In last week’s, bulletin we continued our study of the Judges of Israel, discussing Deborah. This week, as a supplement to that, we will not be moving on to the next Judge, but we will look further into a man that we referenced last time, Barak. Barak is a curious case, but that is not because of what is said of him in the original account of Judges chapters four and five. It is because of what the Holy Spirit reveals in Hebrews 11:32-33. Within a discussion of men and women of great faith in the Old Testament, God speaks of Barak as one who, through faith, subdued kingdoms. Well, I remember that he did in fact lead the army of Israel into overwhelming victory over the land of Canaan. But I also remember how God commanded him to go do that very task unto victory and he refused. I remember how he was addressed by Deborah, the judge of Israel, on this matter, and his response to her was, “If you will go with me, then I will go; but if you will not go with me, I will not go!” So then, his obedience to the commandment of God rested upon his own contingency, that Deborah would travel with him. And yet, he is listed among the Heroes of Faith in Hebrews eleven. Is that how we remember Barak? A man of faith? A man of notable faith along with Noah, Abraham, Joseph, and Moses? If you or I were constructing a list of great men of faith, there is no way that we would include Barak among the ranks! So why did the Spirit of God choose to do so? I believe there are two things that we need to get a handle on before understanding why Barak is named in Hebrews chapter eleven, and those two things go hand in hand.
The first thing on our to-do list is to discover the faith of Barak. I think that his faith is fairly easy for us to find, in that, the testimony is clear that he went forth into battle against a much greater enemy, an enemy that “harshly oppressed” them for twenty years. He went up against 900 chariots of iron, the fear of Israel. He overcame much fear and performed the command of God. How many of us have used our faith to do anything similar to this? A lot of times, we focus on Barak’s struggle of mind before he reached the point of obedience, but the truth is that he obeyed. It doesn’t matter how he got to that point. It doesn’t matter if he had a hundred different thoughts about how not to follow through with the difficult command of God. What matters is that he found a way to strengthen himself to do the will of God. Then someone will object, saying, “What about Deborah having to go with him?” What about it? To this objector, I say, “What about you?” Has there never been anyone to help strengthen your faith? Has there never been anyone who has helped you become more and more of what you need to be as a Christian? Was there not someone who helped lead you to faith in Jesus Christ toward the salvation of your soul? So then, the objector may reject the faith of Barak on the testimony that he needed the help of Deborah to lead him to that point of faith, but you and I know better. Since when does genuine faith only belong to those who have obtained it alone without the aid of anyone else? The design of a disciple of Christ as seen in the New Testament will prove that view wrong. And that leads us to our second and last point.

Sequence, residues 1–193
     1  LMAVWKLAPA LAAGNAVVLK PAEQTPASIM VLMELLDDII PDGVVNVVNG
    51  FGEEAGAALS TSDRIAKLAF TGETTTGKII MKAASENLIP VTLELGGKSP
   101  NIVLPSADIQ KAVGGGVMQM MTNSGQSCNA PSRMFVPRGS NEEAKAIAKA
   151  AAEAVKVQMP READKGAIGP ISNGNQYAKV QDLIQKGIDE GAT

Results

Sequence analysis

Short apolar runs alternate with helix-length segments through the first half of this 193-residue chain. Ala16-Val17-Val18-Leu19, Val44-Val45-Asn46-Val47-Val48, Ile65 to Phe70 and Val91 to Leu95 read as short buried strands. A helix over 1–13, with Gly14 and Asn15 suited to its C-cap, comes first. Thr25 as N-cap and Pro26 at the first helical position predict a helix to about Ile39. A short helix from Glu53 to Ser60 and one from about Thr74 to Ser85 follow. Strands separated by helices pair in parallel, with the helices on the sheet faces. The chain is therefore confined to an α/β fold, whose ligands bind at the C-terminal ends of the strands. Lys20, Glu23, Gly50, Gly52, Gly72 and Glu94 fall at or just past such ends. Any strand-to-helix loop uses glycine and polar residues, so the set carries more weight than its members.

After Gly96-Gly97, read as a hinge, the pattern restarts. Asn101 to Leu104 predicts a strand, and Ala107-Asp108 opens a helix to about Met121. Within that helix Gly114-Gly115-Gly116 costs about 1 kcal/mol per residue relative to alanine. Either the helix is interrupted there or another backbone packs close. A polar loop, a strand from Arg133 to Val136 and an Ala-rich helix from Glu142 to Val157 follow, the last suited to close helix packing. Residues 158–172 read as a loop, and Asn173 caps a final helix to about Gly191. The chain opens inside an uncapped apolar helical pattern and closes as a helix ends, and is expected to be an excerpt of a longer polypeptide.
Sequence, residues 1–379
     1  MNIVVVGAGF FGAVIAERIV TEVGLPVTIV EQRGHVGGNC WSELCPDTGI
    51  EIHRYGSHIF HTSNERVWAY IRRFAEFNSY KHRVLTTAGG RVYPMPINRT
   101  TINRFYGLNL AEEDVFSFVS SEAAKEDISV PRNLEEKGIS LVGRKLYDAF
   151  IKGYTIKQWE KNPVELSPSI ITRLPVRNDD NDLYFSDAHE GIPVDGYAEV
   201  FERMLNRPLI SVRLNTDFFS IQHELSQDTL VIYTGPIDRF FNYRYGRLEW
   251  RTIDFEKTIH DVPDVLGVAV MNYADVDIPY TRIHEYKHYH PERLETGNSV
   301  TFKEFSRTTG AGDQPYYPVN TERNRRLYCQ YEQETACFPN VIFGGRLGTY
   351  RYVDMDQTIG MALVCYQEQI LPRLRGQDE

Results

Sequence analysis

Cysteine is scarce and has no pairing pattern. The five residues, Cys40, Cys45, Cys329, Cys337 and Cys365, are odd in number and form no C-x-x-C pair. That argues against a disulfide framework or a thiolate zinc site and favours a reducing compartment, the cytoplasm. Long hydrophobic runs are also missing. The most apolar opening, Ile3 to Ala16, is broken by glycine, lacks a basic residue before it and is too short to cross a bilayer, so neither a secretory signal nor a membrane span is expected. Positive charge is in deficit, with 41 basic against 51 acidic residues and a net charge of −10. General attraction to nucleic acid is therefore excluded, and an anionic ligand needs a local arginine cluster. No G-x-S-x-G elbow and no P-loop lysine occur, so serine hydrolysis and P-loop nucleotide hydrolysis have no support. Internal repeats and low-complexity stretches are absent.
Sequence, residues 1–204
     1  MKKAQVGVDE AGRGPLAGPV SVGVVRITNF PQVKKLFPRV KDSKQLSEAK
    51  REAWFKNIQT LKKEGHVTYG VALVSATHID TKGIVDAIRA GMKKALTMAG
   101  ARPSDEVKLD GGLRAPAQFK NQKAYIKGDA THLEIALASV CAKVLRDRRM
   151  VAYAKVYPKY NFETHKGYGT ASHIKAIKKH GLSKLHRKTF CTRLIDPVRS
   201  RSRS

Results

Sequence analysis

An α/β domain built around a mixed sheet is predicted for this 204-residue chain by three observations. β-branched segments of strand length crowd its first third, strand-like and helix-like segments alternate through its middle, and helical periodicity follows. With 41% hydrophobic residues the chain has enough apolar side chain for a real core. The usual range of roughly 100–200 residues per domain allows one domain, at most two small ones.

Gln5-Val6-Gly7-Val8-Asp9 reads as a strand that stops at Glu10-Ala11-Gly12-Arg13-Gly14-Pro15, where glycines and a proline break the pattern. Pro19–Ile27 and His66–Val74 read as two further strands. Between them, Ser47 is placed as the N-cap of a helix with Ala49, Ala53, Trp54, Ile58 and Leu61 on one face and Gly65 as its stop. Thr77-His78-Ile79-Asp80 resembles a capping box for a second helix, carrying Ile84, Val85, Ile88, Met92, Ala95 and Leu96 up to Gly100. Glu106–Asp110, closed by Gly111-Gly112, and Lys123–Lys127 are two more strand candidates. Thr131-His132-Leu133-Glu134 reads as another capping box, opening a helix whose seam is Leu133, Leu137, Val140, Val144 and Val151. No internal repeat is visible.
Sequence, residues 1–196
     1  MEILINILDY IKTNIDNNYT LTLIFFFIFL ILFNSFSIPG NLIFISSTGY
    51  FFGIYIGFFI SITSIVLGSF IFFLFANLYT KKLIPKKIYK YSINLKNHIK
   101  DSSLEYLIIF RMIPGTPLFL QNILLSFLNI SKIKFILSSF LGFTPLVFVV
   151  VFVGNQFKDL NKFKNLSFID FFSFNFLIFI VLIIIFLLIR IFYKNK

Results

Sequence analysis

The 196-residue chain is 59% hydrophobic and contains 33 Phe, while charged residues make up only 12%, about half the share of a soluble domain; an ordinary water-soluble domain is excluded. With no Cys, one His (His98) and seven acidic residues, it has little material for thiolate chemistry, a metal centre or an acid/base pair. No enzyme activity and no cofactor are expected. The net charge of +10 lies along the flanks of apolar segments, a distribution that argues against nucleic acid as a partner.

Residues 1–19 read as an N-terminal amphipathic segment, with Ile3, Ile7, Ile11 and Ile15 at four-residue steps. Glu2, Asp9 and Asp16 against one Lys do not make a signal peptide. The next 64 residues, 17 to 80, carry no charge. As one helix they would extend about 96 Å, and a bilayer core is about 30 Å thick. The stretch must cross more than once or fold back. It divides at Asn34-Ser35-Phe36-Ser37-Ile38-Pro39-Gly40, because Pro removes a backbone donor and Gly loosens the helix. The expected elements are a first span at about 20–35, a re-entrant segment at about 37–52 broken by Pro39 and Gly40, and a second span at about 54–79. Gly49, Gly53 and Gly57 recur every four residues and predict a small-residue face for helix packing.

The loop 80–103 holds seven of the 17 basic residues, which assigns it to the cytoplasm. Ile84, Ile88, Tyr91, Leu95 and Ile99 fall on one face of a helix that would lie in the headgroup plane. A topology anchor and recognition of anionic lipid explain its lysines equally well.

Some struggle with the presence of Barak’s name among the Heroes of Faith in Hebrews chapter eleven. And the reason for that is based on a misunderstanding of the context of Hebrews eleven. A lot of folks look at that chapter out of context, and suppose that the chapter is a rank of those on the very top of the list of the greatest faith. That’s nowhere near the point. If that were true, we probably would not see men like Barak or Gideon on this list. The reason for the examples of faith in chapter eleven is to encourage the Hebrew brethren who were losing faith to regain strength. A great source of the strength they needed was to come with the help of their brethren, as is evident from the context, which recently told them to “consider one another in order to stir up love and good works” and to not forsake the assembling of themselves together, but “exhorting one another.” This is why Barak is named as an example for them. He was not one to go it alone, he needed the help of another disciple in order to gain the strength that he needed to obey the command of God. God is not expecting us to be victorious in faith without any help, nor does He even want us to try that. We need to look to our brethren for strength, encouragement, and comfort all along the rugged way. This is the message that the Hebrews needed, and we need to hear it as well. Thus Barak’s name stands forever in the record of Hebrews eleven, a man of victorious faith, who couldn’t do it alone, and God did not expect him to.
Article by Tanner Campbell